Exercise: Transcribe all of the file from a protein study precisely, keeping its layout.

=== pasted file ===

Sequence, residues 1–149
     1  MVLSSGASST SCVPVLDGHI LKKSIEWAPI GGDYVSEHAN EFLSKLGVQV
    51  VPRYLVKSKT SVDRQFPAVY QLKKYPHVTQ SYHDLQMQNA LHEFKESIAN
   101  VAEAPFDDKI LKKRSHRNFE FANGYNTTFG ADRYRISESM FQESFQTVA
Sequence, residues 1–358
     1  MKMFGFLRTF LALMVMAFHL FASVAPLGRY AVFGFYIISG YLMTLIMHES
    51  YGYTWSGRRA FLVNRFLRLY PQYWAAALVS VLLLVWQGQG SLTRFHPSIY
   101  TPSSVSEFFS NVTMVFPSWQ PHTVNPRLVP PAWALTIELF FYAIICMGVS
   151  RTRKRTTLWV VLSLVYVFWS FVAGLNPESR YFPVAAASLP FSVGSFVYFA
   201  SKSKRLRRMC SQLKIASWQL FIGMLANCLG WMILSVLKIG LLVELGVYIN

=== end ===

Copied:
Sequence, residues 1–149
     1  MVLSSGASST SCVPVLDGHI LKKSIEWAPI GGDYVSEHAN EFLSKLGVQV
    51  VPRYLVKSKT SVDRQFPAVY QLKKYPHVTQ SYHDLQMQNA LHEFKESIAN
   101  VAEAPFDDKI LKKRSHRNFE FANGYNTTFG ADRYRISESM FQESFQTVA
Sequence, residues 1–358
     1  MKMFGFLRTF LALMVMAFHL FASVAPLGRY AVFGFYIISG YLMTLIMHES
    51  YGYTWSGRRA FLVNRFLRLY PQYWAAALVS VLLLVWQGQG SLTRFHPSIY
   101  TPSSVSEFFS NVTMVFPSWQ PHTVNPRLVP PAWALTIELF FYAIICMGVS
   151  RTRKRTTLWV VLSLVYVFWS FVAGLNPESR YFPVAAASLP FSVGSFVYFA
   201  SKSKRLRRMC SQLKIASWQL FIGMLANCLG WMILSVLKIG LLVELGVYIN